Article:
Skip to Main Content

We have a new app!

Take the Access library with you wherever you go—easy access to books, videos, images, podcasts, personalized features, and more.

Download the Access App here: iOS and Android. Learn more here!



altretamine (al-tret-a-meen)

Hexalen, imageHexastat

Other Names:



Therapeutic: antineoplastics


Management of ovarian cancer unresponsive to treatment with other agents.


Mechanism unknown, but may disrupt DNA and RNA synthesis. Therapeutic Effects: Death of rapidly replicating cells, particularly malignant ones.

Adverse Reactions/Side Effects

CNS: SEIZURES, fatigue. GI: nausea, vomiting, anorexia, hepatic toxicity. GU: renal toxicity. Derm: alopecia, pruritus, skin rash. Endo: gonadal suppression. Hemat: anemia, leukopenia, thrombocytopenia. Neuro: peripheral neuropathy.


Examination and Evaluation

  • Be alert for new seizures or increased seizure activity. Document the number, duration, and severity of seizures, and report these findings to the physician immediately.

  • Assess signs of peripheral neuropathy such as numbness, tingling, and decreased muscle strength. Establish baseline electroneuromyographic values using EMG and nerve conduction at the beginning of drug treatment whenever possible, and reexamine these values periodically to document drug-induced changes in peripheral nerve function.

  • Watch for signs of leukopenia (fever, sore throat, signs of infection), thrombocytopenia (bruising, nose bleeds, bleeding gums), or unusual weakness and fatigue that might be due to anemia. Report these signs to the physician or nursing staff.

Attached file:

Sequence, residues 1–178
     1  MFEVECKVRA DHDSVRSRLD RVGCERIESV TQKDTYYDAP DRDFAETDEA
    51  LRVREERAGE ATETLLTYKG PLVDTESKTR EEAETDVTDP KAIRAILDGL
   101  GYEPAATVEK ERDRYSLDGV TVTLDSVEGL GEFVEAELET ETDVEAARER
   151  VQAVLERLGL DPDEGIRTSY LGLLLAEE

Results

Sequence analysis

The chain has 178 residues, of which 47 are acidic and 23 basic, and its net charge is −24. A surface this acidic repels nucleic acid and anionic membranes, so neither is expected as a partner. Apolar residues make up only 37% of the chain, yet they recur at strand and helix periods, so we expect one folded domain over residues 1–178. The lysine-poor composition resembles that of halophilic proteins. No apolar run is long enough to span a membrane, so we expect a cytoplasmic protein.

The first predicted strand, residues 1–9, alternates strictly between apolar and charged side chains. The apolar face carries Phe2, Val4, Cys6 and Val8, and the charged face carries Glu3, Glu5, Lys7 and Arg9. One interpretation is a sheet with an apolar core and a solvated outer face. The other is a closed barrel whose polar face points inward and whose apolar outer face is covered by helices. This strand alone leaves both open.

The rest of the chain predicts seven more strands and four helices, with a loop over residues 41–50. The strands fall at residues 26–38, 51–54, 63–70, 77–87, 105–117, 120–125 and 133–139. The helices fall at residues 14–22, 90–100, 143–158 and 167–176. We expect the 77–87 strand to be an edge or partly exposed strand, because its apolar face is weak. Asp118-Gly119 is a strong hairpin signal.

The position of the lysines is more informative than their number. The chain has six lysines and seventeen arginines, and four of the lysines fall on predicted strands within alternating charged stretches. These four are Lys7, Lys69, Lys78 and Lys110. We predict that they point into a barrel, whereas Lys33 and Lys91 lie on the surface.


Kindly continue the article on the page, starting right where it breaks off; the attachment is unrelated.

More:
• Monitor signs of renal toxicity, including blood or pus in urine, decreased urine output, weight gain from fluid retention, and fatigue. Report these signs to the physician or nursing staff.


  • For patients who are medically able to begin exercise, implement appropriate resistive exercises, and aerobic training to maintain muscle strength and aerobic capacity during cancer chemotherapy, or to help restore function after chemotherapy.

Patient/Client-Related Instruction

  • Advise patient to guard against infection (frequent hand washing, etc.), and avoid crowds and contact with persons with contagious diseases.

  • Advise patient about the likelihood of GI reactions (nausea, vomiting, loss of appetite). Instruct patient or family and caregivers to report severe or unexpected GI reactions, and also to report signs of hepatotoxicity, including abdominal pain, severe nausea and vomiting, yellow skin or eyes, fever, sore throat, malaise, weakness, facial edema, lethargy, and unusual bleeding or bruising.

  • Advise patient that rash and other skin reactions (itching, hair loss) are likely. Report severe or unexpected skin reactions to the physician.


Absorption: Well absorbed following oral administration. Requires metabolism for conversion to antineoplastic compounds.

Distribution: Reaches high concentrations in liver, kidney, and small intestine. Poor penetration into brain.

Metabolism and Excretion: Mostly metabolized by the liver to compounds with antineoplastic activity.

Half-life: 4.7–10.2 hr.

|Download (.pdf)|Print

TIME/ACTION PROFILE (effects on blood counts)


Pop-up div Successfully Displayed

This div only appears when the trigger link is hovered over. Otherwise it is hidden from view.